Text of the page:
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2-112 - Ethical Blindspots in Ethnographic and Developmental Approaches to the Language Gap Debate

Fri, March 22, 1:00 to 2:30pm, Baltimore Convention Center, Floor: Level 3, Room 310

Session Type: Invited Address

Integrative Statement

As an anthropologist of communication in childhood, I argue that the Language Gap debate is mired in ethical blind spots across ethnographic and developmental approaches. These blind spots fuel disciplinary impasses to productive dialogue regarding global-local moral economies of talk and knowledge that infuse the lives of young children. All scholars in this debate fervently commit to reduction of economic inequality. Yet, they divide in ethical investments in human and cultural rights, universal and situated truths, objective and subjective knowledge, and neoliberal advocacy of the individual and social capitalist advocacy of government to achieve economic parity. Ethical fault lines blind scholars to how much they need one another’s invaluable expertise. Significantly, in light of postcolonialism, global uprisings, and critical social science since the 1960s, scholars for and against Language Gap interventions have lost sight of the ethical problematics of their own privileged positionality in representing what is best for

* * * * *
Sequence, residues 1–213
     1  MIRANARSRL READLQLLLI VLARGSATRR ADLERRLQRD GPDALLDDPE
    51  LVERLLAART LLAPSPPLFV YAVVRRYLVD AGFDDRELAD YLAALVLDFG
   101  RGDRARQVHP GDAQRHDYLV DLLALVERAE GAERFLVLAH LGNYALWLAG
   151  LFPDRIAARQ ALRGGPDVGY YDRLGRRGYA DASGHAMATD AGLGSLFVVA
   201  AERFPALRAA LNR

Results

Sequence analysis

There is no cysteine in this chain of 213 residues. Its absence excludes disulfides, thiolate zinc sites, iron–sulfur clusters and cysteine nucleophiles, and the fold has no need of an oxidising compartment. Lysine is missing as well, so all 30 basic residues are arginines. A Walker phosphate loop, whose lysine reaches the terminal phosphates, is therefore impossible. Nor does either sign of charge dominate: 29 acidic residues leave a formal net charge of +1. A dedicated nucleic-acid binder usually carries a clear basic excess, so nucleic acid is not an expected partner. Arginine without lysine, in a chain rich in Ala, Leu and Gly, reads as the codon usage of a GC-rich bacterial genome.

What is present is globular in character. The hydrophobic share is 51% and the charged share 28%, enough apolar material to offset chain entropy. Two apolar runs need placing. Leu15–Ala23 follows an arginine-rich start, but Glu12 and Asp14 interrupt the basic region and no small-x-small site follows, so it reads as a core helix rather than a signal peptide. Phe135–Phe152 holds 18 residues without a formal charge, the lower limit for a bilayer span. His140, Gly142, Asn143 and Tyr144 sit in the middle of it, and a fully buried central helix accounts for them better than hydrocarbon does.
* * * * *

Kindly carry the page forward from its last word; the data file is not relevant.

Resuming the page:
others.

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Biography

Elinor Ochs is Distinguished Research Professor of Anthropology at UCLA. Drawing upon fieldwork in Madagascar, Samoa, Italy and the US, she documents durative and fluid dispositions and practices undergirding becoming competent speakers and actors across the lifespan, settings, and communities. Her research on language socialization, narrative, and emotion bridges linguistic, psychological, and medical anthropology. Ochs directed the UCLA Sloan Center on Everyday Lives of Families, which analyzed how social class configures communication, childcare, health, commensality, leisure, work, and consumerism. Selected honors include American Academy of Arts and Sciences
Member, Guggenheim Fellow, MacArthur Fellow, Honorary Doctorate Linkoping University (Sweden), President of Society for Linguistic Anthropology, and President of the American Association for Applied Linguistics. Selected books include The Handbook of Language Socialization (2011), Life at Home in the 21st Century: 32 Families Open Their Doors (2012), and Fast Forward Family: Home, Work, and Relationships in Middle Class America (2013).

Website:http://www.sscnet.ucla.edu/anthro/faculty/ochs/